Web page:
Jan 19, 2013
Immigration reform, climate change, the foreclosure crisis: with some disappointment over limited progress on these issues over the past four years, local activists hope more will be done in President Obama’s second term.
While support for comprehensive immigration reform has broadened noticeably since the November election, immigrant rights groups are concerned over dramatically stepped-up deportations under Obama, which reached 409,000 last year.
They’ll march on Inauguration Day (Monday, January 21, starting at 11 a.m. at the Daley Plaza and rallying at 12 noon at the Federal Plaza) calling on Obama to declare a moratorium on deporations.
A moratorium would be a first step toward comprehensive reform, said Eric Rodriguez, executive director of the Latino Union of Chicago.
“We want the president to be on the right side of history,” he said. “His second term will define his legacy. Will he be the president who deported more people than any other in history, or the president responsible for championing inclusion and equality?”
Immigration raids are a constant threat in Chicago communities today, said Tania Unzueta of the Immigant Youth Justice League; just last week scores of local residents were picked up in raids on a factory and two gathering places for day laborers. IYJL is working to support several families who have members in detention, she said.
“Obama says he wants to do the right thing and keep families together, but we aren’t seeing it in our communities,” she said.
What should reform look like? It should be comprehensive rather than piecemeal, and it should include a path to citizenship — not some kind of extended residency — that does not exclude large numbers of people, said Fred Tsao of the Illinois Coalition for Immigrant and Refugee Rights.
“It needs to fix the current legal immigration system, so people aren’t waiting in line for ten or twenty years,” he said. Reform should extend to enforcement policies, which have been cited for human rights violations, for impairing community safety, and most recently for exorbitant costs, with immigration enforcement spending outpacing the combined budgets of the FBI, DEA, Secret Service, and BATF.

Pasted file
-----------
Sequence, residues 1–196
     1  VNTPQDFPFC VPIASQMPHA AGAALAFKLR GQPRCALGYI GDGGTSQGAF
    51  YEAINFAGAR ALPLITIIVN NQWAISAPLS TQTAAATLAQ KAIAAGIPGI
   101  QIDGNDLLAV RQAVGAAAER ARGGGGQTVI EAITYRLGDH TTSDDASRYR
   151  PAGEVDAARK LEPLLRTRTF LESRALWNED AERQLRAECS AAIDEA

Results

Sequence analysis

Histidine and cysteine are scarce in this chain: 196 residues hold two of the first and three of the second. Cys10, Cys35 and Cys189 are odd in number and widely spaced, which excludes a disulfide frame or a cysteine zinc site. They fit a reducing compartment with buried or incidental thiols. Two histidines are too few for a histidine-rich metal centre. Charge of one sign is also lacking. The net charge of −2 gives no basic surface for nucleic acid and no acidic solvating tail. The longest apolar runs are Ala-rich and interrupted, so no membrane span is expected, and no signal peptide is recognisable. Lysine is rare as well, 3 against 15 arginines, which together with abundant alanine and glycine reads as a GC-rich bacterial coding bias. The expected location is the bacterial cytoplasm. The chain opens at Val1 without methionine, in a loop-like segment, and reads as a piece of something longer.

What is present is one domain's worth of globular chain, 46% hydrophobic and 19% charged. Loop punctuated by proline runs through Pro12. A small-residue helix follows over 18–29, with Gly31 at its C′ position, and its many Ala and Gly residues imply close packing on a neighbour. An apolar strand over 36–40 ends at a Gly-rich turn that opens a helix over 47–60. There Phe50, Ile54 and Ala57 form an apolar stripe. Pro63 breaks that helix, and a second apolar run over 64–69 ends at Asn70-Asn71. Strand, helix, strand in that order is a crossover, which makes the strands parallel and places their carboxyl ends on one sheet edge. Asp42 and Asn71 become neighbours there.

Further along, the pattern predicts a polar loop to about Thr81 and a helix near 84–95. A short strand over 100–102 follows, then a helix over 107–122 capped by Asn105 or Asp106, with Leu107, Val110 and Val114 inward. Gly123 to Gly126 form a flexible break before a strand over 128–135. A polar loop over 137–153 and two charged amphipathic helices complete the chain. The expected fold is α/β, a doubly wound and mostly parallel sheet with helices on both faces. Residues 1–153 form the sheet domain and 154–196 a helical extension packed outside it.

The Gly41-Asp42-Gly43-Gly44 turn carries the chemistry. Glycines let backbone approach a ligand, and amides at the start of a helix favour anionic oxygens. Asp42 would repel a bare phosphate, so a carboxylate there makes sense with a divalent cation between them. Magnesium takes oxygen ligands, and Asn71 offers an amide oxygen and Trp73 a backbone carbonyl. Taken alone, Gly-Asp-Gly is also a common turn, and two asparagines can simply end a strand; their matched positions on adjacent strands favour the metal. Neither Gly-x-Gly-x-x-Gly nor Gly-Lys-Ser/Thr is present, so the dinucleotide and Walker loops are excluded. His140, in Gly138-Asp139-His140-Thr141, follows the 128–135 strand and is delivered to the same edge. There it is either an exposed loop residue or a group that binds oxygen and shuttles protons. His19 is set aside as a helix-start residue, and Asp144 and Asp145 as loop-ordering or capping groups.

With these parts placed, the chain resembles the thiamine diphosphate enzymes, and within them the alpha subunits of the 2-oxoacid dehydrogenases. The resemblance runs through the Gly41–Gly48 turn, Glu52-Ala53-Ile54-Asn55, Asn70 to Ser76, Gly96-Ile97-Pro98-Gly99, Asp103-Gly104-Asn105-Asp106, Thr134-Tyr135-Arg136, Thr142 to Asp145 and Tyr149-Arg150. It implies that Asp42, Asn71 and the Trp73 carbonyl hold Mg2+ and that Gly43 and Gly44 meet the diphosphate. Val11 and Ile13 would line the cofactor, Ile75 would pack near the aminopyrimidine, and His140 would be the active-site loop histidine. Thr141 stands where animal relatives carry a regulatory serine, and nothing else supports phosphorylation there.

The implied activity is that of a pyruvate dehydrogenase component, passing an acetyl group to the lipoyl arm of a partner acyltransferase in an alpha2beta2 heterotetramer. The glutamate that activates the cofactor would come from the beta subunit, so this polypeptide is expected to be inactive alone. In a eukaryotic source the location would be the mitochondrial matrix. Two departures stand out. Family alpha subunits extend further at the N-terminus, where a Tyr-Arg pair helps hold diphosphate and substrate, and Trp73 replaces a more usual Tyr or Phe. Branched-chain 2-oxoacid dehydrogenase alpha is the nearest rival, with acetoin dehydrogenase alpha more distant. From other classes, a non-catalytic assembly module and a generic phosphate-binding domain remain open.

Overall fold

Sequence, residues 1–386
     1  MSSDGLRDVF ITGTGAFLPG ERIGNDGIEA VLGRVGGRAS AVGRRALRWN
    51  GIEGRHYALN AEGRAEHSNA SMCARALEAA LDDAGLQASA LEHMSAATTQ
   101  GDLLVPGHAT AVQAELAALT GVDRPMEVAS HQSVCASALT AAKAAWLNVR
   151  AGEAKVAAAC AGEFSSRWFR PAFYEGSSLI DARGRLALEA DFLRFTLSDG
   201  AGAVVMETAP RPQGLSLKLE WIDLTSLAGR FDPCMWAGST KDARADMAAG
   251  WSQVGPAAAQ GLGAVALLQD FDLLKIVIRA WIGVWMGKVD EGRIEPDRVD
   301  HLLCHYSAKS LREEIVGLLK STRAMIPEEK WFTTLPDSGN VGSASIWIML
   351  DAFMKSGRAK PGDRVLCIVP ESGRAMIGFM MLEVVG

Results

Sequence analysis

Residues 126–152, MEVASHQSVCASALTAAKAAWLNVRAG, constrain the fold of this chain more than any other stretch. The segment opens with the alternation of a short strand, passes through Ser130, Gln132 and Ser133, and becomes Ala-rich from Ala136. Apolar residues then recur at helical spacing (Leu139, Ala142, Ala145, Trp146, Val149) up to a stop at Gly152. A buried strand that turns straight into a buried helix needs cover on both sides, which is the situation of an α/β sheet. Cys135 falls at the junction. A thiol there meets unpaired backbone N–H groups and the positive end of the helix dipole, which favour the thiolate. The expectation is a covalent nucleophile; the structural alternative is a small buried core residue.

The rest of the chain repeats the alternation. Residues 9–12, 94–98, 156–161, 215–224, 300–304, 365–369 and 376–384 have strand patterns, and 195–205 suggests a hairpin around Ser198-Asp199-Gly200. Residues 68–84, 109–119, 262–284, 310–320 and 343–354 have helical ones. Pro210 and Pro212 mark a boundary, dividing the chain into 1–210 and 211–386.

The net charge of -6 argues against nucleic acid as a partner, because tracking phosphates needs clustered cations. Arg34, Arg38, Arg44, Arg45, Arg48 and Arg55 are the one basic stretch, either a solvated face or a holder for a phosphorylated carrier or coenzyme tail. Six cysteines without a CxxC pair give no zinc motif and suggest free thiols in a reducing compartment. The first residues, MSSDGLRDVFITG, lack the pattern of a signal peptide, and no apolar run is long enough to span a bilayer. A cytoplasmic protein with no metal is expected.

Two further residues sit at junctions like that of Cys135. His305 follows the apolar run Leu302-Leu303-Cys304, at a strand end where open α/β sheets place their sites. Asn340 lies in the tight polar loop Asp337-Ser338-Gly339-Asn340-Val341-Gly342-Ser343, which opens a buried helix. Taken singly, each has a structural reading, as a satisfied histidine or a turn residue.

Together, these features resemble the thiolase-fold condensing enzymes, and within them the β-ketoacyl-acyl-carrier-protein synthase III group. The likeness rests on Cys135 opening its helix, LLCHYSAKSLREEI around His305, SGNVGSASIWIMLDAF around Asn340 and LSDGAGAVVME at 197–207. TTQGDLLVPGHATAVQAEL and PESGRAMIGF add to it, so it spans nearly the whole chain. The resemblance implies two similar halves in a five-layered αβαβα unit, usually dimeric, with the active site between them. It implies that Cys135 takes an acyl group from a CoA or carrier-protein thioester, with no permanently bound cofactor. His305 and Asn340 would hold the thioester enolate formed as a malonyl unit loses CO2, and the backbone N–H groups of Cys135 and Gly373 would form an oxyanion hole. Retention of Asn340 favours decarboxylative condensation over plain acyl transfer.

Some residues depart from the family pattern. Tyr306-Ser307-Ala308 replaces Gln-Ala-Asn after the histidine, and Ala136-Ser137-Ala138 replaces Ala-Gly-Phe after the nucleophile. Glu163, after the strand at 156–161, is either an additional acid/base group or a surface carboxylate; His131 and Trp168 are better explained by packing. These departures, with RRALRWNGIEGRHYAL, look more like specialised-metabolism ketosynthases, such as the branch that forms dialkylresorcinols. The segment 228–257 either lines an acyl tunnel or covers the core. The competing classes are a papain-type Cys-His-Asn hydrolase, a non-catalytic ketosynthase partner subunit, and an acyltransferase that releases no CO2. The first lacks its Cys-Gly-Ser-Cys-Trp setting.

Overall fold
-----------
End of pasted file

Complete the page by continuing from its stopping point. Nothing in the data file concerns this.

Immigration reform should also include measures aimed at integrating immigrants, including English language education and citizenship training, Tsao said, pointing at Illinois’s New Americans Initiative as a model.
He adds that the support of Republican leaders in Springfield for a measure providing drivers licenses for undocumented residents during the recent veto sessions offers another model for politicians in Washington.
(For more, Colorlines has a guide to immigration reform.)
Chicagoans will be among thousands of protestors in Washington D.C. on February 17 for Forward on Climate, called by 350.org, the Sierra Club, and the Hip Hop Caucus, urging Obama to reject the Keystone XL tar sands pipeline as “the first step in putting our country on the path for addressing the climate crisis.”
After 15,000 protestors circled the White House a year ago, Obama postponed a decision of approval for the pipeline. Tar sands oil emits far more carbon than conventional oil, and a new study points out that the use of a refinery byproduct as a coal substitute – even more carbon-intensive than coal – will add dramatically to climate damage.
“We’re trying to start the new session of Congress and President Obama’s second term by showing that the public is beyond ready for serious action on climate and clean energy,” said Jack Darin, executive director of the Illinois Sierra Club.
On clean energy, “we need to level the playing field; it’s been titled toward fossil fuels for decades,” he said. “If we give the market a clear signal we’re going to support and buy clean energy, it will respond.”
Darin praised departing EPA administrator Lisa Jackson and several initiatives in the administration’s first term, including raising mileage standards for cars — “the single largest reduction of pollution ever” – and regulations on toxic emissions from coal plants and on carbon emissions from new sources. “The key now is finding ways to reduce carbon from existing sources,” he said.